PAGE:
You might be feeling that it is time for your baby to get rid of the pacifier but the thought of HOW to actually do that is fairly daunting.  Depending on the age of your child, it can be a very easy task or it can feel like the onset of World War III.  Catch it early and you’ll be so thankful you did.

I aimed to get rid of the pacifier for my first baby when he turned one year.  I collected all the pacifiers and bottles and threw them away.  To my memory, he never complained about it.

For some reason, with my next baby  I was very nervous to follow the same procedure.  She was such a great sleeper from just a few weeks old, I was afraid I might stir up some problems.  Finally, when she was 13 months old at the reassurance of my mother-in-law, I finally took her off the pacifier and she did just fine.  With this baby, I did it a bit more gradually.  First, I only let her have the pacifier at home, then only in the bed, until finally we took it away altogether.  This all happened over the course of three or four days.  As it turns out, I was more attached to the pacifier than she was!  She is still my best sleeper of the three.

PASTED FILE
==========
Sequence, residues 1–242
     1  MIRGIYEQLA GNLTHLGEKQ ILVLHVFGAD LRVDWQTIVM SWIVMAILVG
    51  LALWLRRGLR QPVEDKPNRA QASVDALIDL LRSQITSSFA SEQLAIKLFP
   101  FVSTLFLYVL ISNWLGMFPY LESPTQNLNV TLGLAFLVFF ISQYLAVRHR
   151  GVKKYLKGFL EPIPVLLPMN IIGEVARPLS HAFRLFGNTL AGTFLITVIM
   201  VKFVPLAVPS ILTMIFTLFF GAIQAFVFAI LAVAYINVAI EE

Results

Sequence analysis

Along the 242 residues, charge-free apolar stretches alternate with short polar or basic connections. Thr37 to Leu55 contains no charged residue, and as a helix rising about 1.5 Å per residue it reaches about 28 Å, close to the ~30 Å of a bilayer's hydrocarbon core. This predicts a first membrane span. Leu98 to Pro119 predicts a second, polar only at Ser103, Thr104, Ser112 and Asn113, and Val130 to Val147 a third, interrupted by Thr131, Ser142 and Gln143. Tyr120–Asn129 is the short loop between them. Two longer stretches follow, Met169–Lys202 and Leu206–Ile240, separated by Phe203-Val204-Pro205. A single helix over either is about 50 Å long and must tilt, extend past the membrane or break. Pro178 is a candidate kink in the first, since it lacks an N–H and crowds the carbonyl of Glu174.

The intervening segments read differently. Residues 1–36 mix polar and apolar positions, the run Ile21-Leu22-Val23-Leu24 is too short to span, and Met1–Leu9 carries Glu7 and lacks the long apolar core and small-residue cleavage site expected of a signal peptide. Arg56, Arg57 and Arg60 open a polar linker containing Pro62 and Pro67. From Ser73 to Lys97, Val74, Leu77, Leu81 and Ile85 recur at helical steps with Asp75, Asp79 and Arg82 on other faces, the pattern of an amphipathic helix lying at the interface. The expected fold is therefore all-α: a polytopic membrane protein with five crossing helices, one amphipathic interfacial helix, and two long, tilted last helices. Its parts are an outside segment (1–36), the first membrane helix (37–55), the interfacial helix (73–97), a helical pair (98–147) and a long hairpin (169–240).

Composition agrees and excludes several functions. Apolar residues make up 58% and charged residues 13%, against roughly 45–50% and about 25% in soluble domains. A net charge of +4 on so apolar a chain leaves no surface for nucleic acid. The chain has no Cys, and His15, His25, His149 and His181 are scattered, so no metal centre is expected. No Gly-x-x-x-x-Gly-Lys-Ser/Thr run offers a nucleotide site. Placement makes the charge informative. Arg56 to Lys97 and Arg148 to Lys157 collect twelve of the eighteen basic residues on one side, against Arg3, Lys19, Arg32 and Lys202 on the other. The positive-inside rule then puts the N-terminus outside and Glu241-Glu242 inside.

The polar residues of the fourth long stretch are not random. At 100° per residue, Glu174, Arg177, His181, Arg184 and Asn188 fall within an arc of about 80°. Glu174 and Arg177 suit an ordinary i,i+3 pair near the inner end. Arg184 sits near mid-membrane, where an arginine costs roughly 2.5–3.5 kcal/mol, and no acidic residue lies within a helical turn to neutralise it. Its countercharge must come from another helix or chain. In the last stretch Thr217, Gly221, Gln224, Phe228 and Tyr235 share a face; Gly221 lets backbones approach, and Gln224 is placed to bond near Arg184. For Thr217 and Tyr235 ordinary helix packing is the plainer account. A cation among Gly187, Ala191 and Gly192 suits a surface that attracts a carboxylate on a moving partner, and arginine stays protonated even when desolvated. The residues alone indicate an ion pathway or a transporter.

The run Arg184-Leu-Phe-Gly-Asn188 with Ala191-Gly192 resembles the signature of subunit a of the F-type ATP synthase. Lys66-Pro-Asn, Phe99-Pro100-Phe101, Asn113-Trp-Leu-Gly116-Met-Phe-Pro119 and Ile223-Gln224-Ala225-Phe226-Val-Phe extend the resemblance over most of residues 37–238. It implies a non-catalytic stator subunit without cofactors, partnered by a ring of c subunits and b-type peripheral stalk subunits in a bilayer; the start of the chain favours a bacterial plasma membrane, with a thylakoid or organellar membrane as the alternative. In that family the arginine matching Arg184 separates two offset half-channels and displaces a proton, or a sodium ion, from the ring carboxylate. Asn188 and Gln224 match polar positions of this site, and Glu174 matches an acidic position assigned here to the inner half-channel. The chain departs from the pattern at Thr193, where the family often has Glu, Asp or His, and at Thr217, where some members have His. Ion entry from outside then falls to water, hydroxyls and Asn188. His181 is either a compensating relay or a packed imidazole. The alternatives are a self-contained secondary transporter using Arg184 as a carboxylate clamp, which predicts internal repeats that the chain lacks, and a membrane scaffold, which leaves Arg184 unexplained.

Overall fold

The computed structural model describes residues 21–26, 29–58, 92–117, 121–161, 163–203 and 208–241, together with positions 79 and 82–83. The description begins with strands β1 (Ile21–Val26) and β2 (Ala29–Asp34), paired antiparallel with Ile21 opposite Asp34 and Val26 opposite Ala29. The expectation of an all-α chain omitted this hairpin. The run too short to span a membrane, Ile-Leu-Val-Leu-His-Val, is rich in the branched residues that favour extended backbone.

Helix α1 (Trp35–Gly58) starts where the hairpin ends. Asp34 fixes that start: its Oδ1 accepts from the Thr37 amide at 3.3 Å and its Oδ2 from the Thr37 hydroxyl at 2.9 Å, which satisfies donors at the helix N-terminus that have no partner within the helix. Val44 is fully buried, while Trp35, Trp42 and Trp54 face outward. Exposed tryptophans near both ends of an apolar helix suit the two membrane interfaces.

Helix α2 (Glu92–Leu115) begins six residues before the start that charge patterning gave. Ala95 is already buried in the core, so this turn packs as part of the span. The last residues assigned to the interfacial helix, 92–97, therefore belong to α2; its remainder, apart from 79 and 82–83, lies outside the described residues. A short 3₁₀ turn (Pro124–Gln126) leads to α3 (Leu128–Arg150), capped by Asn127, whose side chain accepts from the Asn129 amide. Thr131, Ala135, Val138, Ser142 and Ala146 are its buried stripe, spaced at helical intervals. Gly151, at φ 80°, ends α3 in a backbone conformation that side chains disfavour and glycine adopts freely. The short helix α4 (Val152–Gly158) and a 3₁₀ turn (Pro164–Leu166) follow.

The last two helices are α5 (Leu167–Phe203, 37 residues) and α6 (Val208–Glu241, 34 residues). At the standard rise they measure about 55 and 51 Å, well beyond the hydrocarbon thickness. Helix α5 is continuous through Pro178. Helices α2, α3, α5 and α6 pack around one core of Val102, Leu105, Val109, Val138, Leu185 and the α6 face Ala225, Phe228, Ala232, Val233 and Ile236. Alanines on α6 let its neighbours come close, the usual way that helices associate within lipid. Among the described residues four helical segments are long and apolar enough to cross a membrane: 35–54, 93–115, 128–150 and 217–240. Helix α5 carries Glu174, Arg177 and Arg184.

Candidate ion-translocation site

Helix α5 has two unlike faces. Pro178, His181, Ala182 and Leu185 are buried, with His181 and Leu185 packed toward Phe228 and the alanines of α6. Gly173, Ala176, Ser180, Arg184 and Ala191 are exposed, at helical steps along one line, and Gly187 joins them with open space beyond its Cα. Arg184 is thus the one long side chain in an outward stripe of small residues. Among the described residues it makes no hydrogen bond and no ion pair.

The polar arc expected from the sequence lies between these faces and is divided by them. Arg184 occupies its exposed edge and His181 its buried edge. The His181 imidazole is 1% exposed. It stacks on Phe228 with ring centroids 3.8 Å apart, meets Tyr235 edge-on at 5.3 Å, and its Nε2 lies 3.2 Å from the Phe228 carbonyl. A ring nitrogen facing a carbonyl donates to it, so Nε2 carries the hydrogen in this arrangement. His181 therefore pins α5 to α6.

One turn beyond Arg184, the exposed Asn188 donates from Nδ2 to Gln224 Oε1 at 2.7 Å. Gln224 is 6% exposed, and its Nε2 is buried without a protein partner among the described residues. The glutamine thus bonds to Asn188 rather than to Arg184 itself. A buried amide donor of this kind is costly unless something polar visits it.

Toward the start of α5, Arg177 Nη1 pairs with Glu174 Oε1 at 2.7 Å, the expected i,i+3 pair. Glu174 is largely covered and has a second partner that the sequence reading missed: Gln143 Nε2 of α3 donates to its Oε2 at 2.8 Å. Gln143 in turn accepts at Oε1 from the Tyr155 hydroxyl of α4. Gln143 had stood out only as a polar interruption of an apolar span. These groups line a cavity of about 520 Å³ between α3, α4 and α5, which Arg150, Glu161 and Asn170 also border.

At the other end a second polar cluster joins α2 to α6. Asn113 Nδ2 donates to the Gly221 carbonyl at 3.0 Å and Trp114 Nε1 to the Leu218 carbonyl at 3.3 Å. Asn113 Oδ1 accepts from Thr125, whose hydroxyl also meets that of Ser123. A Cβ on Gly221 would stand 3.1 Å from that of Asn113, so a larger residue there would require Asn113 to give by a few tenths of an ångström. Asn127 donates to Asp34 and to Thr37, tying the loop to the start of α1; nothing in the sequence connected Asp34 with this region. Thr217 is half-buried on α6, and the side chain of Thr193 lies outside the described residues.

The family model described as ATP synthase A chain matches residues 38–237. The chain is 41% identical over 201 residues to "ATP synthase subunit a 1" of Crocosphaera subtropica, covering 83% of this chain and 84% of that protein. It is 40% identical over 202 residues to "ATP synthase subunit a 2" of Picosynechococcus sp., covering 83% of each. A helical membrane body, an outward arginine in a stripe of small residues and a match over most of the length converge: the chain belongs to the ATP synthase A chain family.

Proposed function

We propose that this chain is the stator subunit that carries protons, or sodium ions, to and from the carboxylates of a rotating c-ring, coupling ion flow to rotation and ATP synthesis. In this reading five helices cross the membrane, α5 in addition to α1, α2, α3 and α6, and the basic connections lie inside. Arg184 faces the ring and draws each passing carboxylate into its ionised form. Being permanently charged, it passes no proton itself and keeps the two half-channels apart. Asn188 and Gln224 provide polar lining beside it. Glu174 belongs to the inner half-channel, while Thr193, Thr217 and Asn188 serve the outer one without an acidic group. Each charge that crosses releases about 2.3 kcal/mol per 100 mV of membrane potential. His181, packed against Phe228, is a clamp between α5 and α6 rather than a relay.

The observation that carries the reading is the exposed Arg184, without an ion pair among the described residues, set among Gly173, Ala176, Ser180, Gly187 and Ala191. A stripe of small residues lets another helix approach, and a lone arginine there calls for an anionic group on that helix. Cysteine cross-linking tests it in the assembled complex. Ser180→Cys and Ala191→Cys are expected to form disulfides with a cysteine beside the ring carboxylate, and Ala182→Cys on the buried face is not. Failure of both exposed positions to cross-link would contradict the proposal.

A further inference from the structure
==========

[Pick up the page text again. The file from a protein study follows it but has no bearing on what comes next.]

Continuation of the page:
If your baby is a little older, a little more mentally cognitive, a little more vocal – you could be in for trouble.  If your child is anywhere beyond two years old, you might want to try one of the following methods for taking away the pacifier.

  • Gradually.  As I mentioned above, try taking it away in increments.  First, no pacifier outside the house.  Then, no pacifier outside the house or outside the bed.  Then, no pacifier at nap.  You get the picture.